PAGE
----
Personal Finance: Saving Money and Digit

I support frugal and intelligent ways to save money especially for those that have a very difficult time doing so.

Digit is a comprehensive tool for saving money for problem savers. It analyzes your expenditures and calculates how much you should contribute each month. At first glance I was quite impressed.

However, with the advent of Digit, saving money has now become a way to steal money from people and sell their personal information.

I came across an article on Yahoo! News and Digit was being explained. What was more revealing was the information it left out.

First, the stealing. How Digit works is you give Digit a certain dollar amount per month (or however you set it up) and it makes a deposit for you at one of their bank affiliates like Wells Fargo. The interest is paid to Digit NOT you. But you saved money that you would have otherwise spent, goes the logic.

Second, the selling of personal information. To maximize profits Digit (will most likely) sell your personal information to credit and advertising companies. Google’s interest in Digit sort of seals the deal with that as once Google starts investing in such a company it is only a matter of time until they acquire them entirely.

We are all too familiar with how Google makes money off of selling personal information to advertisers and their use of Carrier IQ to spy on you by logging all of your keystrokes on ALL devices as mentioned in one of my previous blogs.

It makes more sense to me to be more dedicated to saving by setting up a separate account and automatically depositing $50-$100 each month and not touching it. This is what we call DISCIPLINE.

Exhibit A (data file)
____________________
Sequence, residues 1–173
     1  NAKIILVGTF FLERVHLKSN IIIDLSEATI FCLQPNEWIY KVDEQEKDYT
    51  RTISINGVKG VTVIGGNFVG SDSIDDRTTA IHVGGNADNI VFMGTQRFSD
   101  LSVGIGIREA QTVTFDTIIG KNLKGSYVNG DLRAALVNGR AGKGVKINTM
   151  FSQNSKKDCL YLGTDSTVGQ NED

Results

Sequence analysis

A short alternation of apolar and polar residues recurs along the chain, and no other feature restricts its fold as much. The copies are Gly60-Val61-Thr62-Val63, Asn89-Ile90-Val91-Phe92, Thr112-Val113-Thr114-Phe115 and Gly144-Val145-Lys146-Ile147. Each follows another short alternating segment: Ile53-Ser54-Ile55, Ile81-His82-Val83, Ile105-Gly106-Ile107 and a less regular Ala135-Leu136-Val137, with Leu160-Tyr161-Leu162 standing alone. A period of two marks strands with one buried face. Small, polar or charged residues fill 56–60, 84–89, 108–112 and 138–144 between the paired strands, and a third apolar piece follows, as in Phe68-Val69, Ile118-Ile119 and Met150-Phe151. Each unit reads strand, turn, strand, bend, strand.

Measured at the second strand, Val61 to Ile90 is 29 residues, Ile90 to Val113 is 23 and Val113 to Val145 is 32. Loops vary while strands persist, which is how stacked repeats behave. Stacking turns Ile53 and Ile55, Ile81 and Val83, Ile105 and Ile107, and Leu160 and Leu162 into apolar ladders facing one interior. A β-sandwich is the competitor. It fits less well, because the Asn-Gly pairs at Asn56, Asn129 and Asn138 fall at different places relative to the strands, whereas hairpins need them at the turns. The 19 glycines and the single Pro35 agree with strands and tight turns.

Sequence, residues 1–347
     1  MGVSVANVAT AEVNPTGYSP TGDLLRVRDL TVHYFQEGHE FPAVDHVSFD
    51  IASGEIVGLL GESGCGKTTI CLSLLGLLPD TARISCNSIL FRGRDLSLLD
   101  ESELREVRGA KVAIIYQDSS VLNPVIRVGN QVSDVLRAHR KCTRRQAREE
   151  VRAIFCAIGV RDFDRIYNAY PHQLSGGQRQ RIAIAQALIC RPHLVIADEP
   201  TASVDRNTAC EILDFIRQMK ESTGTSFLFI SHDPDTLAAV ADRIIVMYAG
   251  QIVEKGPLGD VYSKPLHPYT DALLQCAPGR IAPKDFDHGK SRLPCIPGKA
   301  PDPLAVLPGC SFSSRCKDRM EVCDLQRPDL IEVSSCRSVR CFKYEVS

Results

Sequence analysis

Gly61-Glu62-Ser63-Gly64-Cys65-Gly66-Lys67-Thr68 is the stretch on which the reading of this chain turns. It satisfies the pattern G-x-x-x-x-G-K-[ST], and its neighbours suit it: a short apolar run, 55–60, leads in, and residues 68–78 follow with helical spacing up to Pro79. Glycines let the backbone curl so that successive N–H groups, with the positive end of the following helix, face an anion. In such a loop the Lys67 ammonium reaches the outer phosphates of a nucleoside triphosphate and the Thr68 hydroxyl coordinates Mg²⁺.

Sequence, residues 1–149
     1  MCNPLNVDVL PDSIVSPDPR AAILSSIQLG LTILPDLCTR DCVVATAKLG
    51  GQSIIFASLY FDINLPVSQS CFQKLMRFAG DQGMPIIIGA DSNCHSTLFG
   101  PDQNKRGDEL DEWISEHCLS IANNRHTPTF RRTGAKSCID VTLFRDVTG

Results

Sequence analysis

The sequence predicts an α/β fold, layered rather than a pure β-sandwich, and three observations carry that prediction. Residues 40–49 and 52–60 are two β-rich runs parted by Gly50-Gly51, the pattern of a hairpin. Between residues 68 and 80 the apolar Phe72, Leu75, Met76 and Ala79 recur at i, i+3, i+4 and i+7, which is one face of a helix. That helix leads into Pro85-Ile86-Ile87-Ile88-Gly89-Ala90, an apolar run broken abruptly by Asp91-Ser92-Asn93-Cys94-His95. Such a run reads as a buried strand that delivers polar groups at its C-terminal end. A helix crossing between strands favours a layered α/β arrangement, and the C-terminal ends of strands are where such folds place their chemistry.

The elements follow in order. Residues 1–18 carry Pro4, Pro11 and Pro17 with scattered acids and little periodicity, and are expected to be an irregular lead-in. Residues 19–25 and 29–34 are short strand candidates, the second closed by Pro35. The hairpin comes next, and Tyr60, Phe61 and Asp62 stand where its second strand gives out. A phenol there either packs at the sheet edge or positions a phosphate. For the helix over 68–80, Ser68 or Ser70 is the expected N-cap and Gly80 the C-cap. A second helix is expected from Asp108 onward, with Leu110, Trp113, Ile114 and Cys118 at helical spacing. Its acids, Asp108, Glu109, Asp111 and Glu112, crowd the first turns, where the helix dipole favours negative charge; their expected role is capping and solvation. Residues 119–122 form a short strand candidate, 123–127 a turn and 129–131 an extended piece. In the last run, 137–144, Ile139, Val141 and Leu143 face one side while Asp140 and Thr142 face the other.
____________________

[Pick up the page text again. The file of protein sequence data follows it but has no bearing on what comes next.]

I have done this off and on for a long while now, though, being married it is a little more difficult to do, but still I manage.

My primary check is bi-weekly. I deposit $50 every check for a total savings of $100 per month. At the end of the year I have a nice chunk of change that can either be applied to a family vacation or annual outstanding debt.

Do not misread, I am NOT debt-free…yet. It is something I continually work towards.

This method allows me to observe my bills and pay them according to either highest interest rate or easiest bill to pay off first.

Like Dave Ramsey, I prefer the snowball method…which would only work if my wife would stop charging the cards.

I take a payment to a small value card I paid off and apply it to the next larger value card and so on until I am left with the largest of cards. I’d like to pay that card off in the next three years.

The argument that you are paying more in interest over the long run is true. It does cost more, but it makes all of your debt manageable and that large card at the end of it acts sort of like a debt consolidation loan, if you will, in that all of your debt is now owed to a single creditor with one (very) large monthly payment that would otherwise have taken twice the number of years to pay off than what you are at with only the one card.

One day I will put this into a diagram. Until then Dave Ramsey has a few you can peruse.

The key is learning to do without. If you do not absolutely NEED something, don’t buy it.

The difference between needs and wants is not that hard to decipher. There is that gray area that an item could/would strongly improve your life or fiscal situation. Good! Keep that in mind…for when you can afford it.

Nobody is going to discipline you, but you, and only you.